Detroit, Oregon – The Heart of the Oregon Cascades

Notice of Public Hearing

NOTICE IS HEREBY GIVEN that on Tuesday, July 9, 2019, at 6:00 p.m., at the Detroit City Hall, 160 Detroit Avenue, the Detroit Planning Commission and City Council will conduct public hearings and decide upon the following request. The meetings will be held at Detroit City Hall, 160 Detroit Ave, Detroit, OR 97342.

FILE NUMBER:   LA 2019-01
APPLICANT:       City of Detroit

REQUEST:  Development Code amendments in all zones, including language associated with definitions, recreational vehicles, open camping, and accessory structures. Code corrections to identified errors and inconsistencies.

CRITERIA &
PROCEDURES:  Detroit Development Code (DDC)   Section 4.1.6     Type IV Procedure (Legislative)

Persons wishing to participate in the public hearing are invited to appear in person or by representative at the date and time listed above. Written testimony will be received up to one week prior to the hearing in person at City of Detroit, 160 Detroit Ave, or by mail at PO Box 589, Detroit, OR 97342. Written and verbal testimony should be directed toward the criteria and anyone wishing to testify should sign in and ask to be recognized. Failure to raise issue in person or in writing prior to the close of the public hearing with sufficient specificity to provide the decision maker an opportunity to respond to the issue, precludes appeal to the Land Use Board of Appeals on this issue.

A copy of the application documents and evidence submitted by or on behalf of the applicant are available for inspection at no cost and will be provided at a reasonable cost.   A staff report related to this application will be available for inspection seven (7) days prior to the hearing at no cost and copies provided at reasonable cost.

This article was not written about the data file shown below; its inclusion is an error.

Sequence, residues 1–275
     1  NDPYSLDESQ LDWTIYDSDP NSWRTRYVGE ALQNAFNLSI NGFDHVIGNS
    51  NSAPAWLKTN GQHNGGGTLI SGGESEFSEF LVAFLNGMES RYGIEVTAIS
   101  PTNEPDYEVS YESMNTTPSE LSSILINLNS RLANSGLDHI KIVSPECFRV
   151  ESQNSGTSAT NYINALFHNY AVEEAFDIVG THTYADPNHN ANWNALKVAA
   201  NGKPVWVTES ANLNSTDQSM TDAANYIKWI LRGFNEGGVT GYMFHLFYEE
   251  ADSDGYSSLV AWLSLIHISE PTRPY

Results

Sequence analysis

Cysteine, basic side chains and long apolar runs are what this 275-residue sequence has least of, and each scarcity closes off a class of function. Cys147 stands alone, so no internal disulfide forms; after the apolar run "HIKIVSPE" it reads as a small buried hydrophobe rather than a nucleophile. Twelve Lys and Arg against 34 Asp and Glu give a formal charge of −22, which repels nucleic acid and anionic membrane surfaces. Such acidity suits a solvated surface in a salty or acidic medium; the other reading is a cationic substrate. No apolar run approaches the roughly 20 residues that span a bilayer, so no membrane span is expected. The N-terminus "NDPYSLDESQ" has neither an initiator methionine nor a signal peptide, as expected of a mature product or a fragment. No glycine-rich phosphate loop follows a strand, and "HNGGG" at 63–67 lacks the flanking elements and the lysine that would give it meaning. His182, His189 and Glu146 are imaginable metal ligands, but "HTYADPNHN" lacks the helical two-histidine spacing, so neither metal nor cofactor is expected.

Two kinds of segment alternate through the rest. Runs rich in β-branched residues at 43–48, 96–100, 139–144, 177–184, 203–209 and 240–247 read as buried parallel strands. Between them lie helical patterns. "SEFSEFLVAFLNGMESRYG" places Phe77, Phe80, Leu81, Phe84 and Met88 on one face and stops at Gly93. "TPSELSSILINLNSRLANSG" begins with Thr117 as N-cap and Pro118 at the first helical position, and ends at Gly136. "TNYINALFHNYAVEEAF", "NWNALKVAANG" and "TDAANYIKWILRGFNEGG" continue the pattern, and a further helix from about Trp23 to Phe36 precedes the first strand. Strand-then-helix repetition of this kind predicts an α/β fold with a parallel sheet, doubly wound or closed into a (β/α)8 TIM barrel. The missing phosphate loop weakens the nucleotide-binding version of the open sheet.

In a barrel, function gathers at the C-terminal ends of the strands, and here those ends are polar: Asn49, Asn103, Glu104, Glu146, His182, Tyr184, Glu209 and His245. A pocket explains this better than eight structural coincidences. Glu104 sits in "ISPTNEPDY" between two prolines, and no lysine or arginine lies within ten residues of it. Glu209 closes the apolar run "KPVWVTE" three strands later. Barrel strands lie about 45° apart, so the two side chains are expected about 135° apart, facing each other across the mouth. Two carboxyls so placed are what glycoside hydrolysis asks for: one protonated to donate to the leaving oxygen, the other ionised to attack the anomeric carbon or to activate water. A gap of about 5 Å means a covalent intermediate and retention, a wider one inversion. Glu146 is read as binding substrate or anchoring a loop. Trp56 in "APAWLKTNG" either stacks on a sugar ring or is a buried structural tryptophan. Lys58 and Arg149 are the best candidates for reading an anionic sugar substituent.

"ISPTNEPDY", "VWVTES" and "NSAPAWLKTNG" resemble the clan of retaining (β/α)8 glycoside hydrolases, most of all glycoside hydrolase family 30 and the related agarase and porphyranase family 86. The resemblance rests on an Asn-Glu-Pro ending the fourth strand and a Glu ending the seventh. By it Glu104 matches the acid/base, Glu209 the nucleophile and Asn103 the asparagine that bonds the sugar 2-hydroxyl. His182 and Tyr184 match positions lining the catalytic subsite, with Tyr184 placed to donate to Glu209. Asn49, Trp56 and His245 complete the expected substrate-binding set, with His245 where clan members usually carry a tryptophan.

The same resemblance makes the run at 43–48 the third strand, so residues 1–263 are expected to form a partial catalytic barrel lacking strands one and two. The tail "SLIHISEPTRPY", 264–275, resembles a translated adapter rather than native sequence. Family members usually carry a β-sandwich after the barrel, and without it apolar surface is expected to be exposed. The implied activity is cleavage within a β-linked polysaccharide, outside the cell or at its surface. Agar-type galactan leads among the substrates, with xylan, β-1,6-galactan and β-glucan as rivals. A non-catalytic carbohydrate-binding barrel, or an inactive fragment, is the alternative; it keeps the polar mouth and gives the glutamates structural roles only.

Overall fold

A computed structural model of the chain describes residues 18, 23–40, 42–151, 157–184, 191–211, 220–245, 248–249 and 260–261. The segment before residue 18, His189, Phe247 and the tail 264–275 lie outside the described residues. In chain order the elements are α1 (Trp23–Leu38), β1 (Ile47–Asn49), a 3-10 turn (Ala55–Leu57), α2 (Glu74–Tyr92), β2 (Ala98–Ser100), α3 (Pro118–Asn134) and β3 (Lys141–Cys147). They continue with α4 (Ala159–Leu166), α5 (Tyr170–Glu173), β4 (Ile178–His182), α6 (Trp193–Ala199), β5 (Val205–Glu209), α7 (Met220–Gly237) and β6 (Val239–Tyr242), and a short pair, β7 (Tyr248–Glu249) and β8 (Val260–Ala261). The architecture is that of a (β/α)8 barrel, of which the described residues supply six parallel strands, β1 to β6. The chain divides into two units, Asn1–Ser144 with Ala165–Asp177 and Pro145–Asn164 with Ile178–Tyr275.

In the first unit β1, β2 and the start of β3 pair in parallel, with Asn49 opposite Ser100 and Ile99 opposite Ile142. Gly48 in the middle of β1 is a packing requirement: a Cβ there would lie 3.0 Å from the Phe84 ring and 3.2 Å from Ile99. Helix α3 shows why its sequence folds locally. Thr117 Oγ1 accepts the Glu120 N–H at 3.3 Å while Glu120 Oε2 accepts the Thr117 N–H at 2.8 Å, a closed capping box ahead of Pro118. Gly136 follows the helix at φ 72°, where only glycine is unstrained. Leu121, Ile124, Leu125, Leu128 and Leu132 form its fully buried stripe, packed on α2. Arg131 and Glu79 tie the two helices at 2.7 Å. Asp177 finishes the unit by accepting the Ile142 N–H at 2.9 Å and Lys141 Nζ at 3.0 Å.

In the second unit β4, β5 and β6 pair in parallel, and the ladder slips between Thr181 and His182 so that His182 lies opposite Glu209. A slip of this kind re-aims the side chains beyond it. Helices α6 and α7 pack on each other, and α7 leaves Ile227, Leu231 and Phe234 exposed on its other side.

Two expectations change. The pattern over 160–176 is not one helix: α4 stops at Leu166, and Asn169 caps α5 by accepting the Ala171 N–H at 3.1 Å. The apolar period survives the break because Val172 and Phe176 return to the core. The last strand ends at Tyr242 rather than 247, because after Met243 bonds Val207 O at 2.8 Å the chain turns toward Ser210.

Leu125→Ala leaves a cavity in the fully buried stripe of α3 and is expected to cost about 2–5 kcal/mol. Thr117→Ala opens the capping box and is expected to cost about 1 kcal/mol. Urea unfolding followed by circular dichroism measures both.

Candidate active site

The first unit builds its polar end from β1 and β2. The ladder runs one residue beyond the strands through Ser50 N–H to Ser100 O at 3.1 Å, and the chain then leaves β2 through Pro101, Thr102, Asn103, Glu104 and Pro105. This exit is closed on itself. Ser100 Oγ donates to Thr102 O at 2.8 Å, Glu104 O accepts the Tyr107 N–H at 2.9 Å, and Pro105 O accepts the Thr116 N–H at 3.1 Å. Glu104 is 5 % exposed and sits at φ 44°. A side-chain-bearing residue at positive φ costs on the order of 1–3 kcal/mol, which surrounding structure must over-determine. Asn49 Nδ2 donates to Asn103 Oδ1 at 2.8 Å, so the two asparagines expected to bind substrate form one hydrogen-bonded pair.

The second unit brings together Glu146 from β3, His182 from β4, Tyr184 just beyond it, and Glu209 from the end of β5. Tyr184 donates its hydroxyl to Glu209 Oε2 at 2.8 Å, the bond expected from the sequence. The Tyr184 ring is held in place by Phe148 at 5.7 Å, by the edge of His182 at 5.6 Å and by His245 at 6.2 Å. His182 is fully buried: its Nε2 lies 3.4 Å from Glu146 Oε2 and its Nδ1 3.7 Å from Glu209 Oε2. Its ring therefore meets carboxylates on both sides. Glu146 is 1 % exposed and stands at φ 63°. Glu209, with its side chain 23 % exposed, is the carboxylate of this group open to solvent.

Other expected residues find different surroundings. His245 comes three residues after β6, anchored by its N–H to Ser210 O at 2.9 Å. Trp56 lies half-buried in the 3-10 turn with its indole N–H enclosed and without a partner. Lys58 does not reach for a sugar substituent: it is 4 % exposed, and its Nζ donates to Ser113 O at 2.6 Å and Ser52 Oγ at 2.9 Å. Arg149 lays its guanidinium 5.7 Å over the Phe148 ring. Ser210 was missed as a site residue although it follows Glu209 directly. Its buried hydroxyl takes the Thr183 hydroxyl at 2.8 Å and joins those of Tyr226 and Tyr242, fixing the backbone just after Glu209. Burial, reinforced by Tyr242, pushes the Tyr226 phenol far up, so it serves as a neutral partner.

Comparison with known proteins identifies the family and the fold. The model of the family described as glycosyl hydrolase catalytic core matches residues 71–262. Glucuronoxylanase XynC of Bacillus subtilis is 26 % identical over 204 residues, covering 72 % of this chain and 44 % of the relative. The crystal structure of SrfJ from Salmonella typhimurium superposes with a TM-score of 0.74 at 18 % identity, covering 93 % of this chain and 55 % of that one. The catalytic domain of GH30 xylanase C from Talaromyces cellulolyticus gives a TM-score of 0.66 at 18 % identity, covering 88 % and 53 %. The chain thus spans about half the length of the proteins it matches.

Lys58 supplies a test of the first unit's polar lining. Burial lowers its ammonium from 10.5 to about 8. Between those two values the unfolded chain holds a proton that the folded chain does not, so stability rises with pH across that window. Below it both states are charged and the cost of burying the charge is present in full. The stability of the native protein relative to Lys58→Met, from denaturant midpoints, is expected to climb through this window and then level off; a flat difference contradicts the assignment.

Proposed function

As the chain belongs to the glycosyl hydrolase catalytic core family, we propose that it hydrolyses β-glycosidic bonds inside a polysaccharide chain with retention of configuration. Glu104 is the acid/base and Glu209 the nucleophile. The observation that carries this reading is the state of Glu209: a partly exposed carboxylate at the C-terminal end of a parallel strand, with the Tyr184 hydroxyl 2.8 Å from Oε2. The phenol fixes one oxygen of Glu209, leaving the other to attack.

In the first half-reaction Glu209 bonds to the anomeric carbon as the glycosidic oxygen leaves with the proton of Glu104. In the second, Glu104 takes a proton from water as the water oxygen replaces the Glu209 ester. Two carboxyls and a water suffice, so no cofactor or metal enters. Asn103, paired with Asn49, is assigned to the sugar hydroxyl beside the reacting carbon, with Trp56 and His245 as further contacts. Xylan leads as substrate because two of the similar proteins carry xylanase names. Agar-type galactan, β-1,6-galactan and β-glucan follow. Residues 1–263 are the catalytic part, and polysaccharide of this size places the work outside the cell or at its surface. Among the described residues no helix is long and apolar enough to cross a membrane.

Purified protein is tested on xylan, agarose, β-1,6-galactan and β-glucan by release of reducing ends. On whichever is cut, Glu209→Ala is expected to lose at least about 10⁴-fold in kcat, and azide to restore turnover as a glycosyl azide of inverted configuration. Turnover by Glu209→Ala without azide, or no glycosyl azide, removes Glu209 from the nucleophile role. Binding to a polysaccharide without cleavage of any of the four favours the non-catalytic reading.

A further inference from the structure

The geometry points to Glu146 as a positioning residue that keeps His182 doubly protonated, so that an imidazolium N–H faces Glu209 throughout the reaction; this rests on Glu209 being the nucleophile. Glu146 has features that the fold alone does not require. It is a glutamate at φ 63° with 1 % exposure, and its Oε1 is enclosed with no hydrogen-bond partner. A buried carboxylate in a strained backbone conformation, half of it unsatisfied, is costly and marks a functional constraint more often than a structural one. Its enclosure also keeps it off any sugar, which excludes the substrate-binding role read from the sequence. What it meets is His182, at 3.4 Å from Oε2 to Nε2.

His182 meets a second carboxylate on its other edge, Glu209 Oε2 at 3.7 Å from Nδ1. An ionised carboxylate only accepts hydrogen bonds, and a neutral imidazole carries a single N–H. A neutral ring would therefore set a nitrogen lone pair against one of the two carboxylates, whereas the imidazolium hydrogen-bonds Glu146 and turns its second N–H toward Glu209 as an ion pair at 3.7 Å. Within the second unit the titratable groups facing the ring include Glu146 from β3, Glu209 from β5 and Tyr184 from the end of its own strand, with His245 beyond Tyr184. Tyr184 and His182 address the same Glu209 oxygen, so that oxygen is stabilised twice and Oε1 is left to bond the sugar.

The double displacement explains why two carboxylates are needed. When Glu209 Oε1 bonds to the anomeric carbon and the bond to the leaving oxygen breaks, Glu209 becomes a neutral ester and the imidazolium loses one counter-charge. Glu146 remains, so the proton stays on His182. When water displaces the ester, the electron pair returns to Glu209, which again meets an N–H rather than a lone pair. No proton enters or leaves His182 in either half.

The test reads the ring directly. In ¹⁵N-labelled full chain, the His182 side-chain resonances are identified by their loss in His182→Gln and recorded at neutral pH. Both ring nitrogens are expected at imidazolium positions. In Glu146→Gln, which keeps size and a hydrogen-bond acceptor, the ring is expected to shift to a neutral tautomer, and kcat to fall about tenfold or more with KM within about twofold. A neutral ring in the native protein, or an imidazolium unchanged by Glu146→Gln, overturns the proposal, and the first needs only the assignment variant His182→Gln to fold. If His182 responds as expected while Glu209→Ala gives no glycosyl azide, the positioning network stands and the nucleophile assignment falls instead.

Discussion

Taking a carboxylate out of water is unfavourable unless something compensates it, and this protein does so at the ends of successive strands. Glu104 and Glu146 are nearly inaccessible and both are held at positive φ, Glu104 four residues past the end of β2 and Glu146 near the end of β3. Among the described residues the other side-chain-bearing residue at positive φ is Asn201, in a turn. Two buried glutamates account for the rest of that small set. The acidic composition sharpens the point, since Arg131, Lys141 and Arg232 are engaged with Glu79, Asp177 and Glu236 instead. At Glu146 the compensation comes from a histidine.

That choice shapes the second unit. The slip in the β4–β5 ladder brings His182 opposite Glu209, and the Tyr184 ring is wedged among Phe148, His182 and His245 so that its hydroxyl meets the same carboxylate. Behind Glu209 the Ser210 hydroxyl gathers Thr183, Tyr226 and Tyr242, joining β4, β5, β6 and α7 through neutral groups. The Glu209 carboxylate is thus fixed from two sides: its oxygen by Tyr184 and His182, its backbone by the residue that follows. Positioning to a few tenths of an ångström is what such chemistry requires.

Exhibit A-Proposed Code Language 

Staff Report 

For additional information, please contact the City of Detroit at detroit@wvi.com or 503.854.3496.

 

History of Detroit

Photos by Rick Jolin

The original name of the settlement was “Coe”. In October, 1891, “Detroit” received its new name with the founding of a Post Office, and the significant number of residents from Michigan who were living in the area.

Detroit is located approximately 50 miles east of Salem, Oregon, at about 1680′ elevation on the North Fork of the Santiam River. For many years it was only accessed by railroad (constructed in 1889) and was intended for the rail to be extend through the state to Boise, Idaho. The old town prospered from logging, fishing, and the great outdoors. By 1907, it had a population of 53 residents, and in 1926 road access was completed from Salem.

cityHallFrom the 1930’s until 1941, it was home to the CCC (Civilian Conservation Corps – Camp F-20) which was located one mile east of town. Detroit had service stations, a post office, schools, stores, taverns, a church, a hotel, a railroad station, and the Canyon Movie Theater (1947-1952). It also had regular bus service. The population in 1945 grew to 250 residents. By 1949 the community had an active fraternal order of Eagles (FOE).

The Army Corps of Engineers selected the site of the Detroit Dam in the 1930’s. The dam would put the town 100 ft under water. After WWII, a cease building order on the town site expired and construction of the dam commenced on April 1, 1949. At the time, it was the 4th highest concrete dam in the world with dimensions of 463′ high and 1523′ long, and cost $70,000,000 to build.

At peak construction, in 1950, there were 3,000 workers on the project. Worker housing was named Camp Mongold, with dorms for 800 single men and accommodations for 100 trailers. It would eventually house 1,200 people. Many contractors did not accept this housing, and alternate residences were constructed in Mill City for officials and employees.

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